Professor Deborah Eyre is a NET Leading Thinker and author of High Performance Learning: How to become a world class school.

High Performance Learning is an organisation that helps schools move from good to world class by focusing on pedagogy and helping students develop the higher order competencies they need for academic, workplace and lifetime success.

‘New Year 2016’ by Geoff Barton

I can’t claim actually to have known former Education Secretary Michael Gove.

Yes, I sat in the audience at some conferences he spoke at. I was on the side-lines at a couple of meetings and a dinner where I glimpsed first-hand his well-known mix of the witty and the unctuous. And he once stepped out of a lift in the unglamorous basement of a west London hotel, pointed at me, and said ‘It’s Geoff Barton, isn’t it?’. Then he turned and walked away.

None of this amounts to knowing Michael Gove.

But when his departure from the Department of Education was announced, back in July 2014, I decided to send him one of my custom CD mixes as an understated farewell gift. As visitors to our school know, I occasionally inflict a compilation of uplifting and sad songs, plus cheesy ‘Geoffy B’ jingles, as part of a desperate throw-back to my childhood ambition to be Radio One’s next breakfast DJ.

Whether my small musical gesture of goodwill ever reached the departing Secretary of State, I have no idea. But the CD wasn’t returned in the post and hasn’t surfaced on eBay.

So, no, I didn’t know Michael Gove. But I did know what he stood for. I knew what his ambitions for schools were. We all did. However strenuously we disagreed with many of the approaches and policies he unleashed, we couldn’t avoid being aware of his overarching belief that education liberates, and that the education world needed to intensify its ambition to liberate those whose backgrounds, family finances or postcode would serve as a limiter on a child’s aspirations.

Now, with the aftermath of the Gove project smouldering gently behind us, we stand gazing out at another year: 2016. And it already looks as if we’re in for one of unprecedented of change in education – just as we were last year and the year before.

We brace ourselves for seismic changes to qualifications at pretty much every level. KS2 tests will be different. GCSEs will be different. A/S and A-levels will be different.

Some of the big beasts of the current educational jungle are due to leave the forest – Glenys Stacey leaves her role overseeing the exams regulator, Ofqual. Sir Michael Wilshaw will step down from Ofsted later in the year.

Meanwhile a new national Schools Commissioner, in the shape of the well respected Sir David Carter, takes up post at a time when there’s a government determination to see every school an academy or free school.

That’s just some of the stuff going on beyond the school gates – the ritualistic machinations beloved of policy nerds and the Twitterati. In reality, most of it will hardly impinge on most of us most of the time. We’ve quite enough to be getting on with in our own schools and classrooms – some of it extra work provoked by the relentless thrashing-about by a government that too often confuses change with improvement; and some of it simply the ever-intensifying workload felt by all who work in an education system which is being flogged to its limits.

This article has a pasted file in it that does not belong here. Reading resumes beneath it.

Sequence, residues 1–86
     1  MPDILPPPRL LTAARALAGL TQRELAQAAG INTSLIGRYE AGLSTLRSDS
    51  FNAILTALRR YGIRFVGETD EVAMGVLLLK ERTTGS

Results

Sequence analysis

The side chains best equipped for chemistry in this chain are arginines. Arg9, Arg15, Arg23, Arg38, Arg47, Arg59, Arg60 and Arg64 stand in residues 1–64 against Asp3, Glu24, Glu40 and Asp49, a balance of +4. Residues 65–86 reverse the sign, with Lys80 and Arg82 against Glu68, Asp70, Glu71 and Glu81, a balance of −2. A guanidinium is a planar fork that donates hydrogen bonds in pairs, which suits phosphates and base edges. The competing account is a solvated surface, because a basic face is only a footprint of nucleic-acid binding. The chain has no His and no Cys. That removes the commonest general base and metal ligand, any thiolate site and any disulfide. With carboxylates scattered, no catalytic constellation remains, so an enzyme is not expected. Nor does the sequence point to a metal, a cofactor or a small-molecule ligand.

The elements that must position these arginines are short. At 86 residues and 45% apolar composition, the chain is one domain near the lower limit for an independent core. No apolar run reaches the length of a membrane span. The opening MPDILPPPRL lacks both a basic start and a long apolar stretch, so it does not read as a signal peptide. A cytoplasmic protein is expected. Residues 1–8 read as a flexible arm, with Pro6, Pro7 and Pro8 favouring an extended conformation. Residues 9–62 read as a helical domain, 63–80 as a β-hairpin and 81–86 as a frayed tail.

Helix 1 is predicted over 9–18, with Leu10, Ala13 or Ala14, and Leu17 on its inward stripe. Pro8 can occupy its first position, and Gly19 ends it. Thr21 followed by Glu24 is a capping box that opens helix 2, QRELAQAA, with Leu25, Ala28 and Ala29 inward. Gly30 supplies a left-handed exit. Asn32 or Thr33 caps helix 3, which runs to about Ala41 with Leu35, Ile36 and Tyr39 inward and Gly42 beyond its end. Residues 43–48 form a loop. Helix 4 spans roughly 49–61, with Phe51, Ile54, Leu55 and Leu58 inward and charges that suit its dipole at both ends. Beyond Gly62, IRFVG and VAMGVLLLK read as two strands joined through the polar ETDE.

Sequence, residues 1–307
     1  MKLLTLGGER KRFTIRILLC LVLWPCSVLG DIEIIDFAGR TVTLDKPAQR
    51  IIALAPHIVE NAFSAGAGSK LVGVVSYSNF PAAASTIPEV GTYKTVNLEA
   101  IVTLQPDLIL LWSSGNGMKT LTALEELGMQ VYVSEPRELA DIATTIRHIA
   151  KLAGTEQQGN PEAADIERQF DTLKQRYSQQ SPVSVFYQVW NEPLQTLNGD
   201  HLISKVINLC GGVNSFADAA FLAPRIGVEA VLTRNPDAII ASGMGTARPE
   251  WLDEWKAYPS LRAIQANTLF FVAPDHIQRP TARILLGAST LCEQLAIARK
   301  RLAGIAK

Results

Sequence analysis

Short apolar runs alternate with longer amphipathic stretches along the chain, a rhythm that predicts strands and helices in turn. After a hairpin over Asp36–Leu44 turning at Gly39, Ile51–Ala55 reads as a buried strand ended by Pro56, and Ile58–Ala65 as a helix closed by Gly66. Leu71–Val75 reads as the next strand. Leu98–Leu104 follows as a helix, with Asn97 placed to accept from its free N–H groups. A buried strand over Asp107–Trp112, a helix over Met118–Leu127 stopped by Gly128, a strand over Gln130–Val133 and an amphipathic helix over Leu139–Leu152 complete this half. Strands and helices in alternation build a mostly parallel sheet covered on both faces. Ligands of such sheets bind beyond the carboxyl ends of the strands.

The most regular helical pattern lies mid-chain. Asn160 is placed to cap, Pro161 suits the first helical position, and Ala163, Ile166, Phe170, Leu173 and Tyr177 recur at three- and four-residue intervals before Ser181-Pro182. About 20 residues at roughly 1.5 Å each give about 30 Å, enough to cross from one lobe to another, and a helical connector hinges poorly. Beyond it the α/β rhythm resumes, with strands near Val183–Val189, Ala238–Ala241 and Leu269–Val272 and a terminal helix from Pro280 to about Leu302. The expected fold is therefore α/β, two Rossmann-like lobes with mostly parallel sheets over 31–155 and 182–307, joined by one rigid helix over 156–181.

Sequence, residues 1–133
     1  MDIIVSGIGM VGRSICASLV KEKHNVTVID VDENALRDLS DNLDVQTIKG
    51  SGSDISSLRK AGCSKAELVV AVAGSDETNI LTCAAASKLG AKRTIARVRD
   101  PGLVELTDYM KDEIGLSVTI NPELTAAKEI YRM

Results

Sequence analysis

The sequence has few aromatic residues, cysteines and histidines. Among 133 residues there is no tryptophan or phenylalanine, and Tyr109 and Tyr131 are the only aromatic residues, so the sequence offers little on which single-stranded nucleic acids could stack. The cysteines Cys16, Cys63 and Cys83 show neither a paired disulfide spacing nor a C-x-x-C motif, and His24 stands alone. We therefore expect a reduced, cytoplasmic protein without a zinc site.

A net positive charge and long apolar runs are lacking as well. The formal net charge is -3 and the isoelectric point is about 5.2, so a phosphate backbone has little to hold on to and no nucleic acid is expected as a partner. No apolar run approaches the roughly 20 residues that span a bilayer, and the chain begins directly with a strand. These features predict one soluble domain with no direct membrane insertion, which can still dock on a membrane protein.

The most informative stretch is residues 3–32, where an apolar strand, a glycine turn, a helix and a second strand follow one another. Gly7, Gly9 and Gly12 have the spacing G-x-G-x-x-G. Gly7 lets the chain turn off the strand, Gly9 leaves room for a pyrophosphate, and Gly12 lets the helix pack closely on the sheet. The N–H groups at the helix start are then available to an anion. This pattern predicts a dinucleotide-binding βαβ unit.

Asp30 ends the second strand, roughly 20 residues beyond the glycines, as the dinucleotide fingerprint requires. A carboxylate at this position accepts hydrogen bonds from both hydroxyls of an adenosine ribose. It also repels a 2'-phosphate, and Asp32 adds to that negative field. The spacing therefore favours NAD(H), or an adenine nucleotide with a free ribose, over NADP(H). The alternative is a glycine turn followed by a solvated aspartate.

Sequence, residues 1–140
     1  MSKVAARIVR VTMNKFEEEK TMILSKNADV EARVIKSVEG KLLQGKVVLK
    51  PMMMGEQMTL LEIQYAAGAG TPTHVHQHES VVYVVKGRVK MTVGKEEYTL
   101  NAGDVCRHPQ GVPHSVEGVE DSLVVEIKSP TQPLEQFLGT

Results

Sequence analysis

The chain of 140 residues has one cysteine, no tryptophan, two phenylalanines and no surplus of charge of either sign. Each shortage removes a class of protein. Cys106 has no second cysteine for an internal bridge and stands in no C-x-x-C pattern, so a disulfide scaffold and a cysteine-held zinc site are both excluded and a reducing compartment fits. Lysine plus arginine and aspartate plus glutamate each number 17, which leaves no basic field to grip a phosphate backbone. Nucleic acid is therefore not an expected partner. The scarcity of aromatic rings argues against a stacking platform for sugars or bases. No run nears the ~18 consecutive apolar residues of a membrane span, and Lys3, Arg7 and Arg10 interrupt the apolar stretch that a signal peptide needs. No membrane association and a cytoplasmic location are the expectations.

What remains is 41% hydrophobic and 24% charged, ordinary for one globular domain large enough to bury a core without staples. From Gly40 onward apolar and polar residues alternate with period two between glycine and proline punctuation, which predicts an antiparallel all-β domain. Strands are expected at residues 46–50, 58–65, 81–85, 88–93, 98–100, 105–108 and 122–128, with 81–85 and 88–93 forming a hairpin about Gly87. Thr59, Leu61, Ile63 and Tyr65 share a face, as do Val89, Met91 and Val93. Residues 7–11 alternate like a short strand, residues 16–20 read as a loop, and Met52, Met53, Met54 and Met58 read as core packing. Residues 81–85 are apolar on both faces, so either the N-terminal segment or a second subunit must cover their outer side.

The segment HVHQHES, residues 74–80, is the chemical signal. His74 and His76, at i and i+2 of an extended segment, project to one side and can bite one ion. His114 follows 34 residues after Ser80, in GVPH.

Which brings us to our current Education Secretary, Nicky Morgan, the person who oversees that system.

I have never met Ms Morgan. But, in contrast with Mr Gove, I have no idea what she stands for. Apart from occasional exhortations on building character (a good thing, we gather) or teaching children that our roots are as a Christian nation (pretty unarguable), I’m not sure what we could ascribe to our Education Secretary as a defining philosophy, vision, or non-negotiable point of principle.

Sure – there’s a new Education Act in the offing. This may provide something of a route-map. But so far it’s sounding as if the only actual ambition is to make a reality of the Prime Minister’s determination to see every school in England an academy.

And in my book that’s hardly a vision. Instead it’s a lot of structural tinkering built on a decidedly unproven assumption that academies are by definition better than the kind of schools which in most countries would be seen as the norm – local community schools.

So if academisation really is the big idea, no wonder we feel deflated. It misses the point that what matters most in education is, quite simply, the quality of teaching and learning.

And, as the Scripture tells us, ‘Where there is no vision, the people perish’.

Which is why I’m determined to keep ignoring all those who think my job is anything to do with academy conversion, takeovers of other schools, business plans and boards of directors. It’s all a huge distraction from the important stuff.

I’m convinced that my role is simply to create a culture where we can recruit more great teachers, help them develop, make sure they can learn from each other, and leave them in peace to do their best to build the skills and knowledge of the next generation of young people.

For that, we owe it to our teachers to enable them to focus on the classroom whilst as school leaders we protect them from the swirling madness of external initiatives and political wacky wheezes.

So a key part of our role in the coming year, I’d suggest, is maintaining the confidence to do what matters most in our schools, for our students, for our communities, and not to let ourselves be distracted by anything that isn’t going to help a teacher in our school to teach better or a student to learn more effectively.

How compellingly simple, principled and unarguable is that?

Let’s make 2016 the year of great teaching.

Geoff Barton is Headteacher of King Edward VI School, Bury St Edmunds, and a NET Leading Thinker.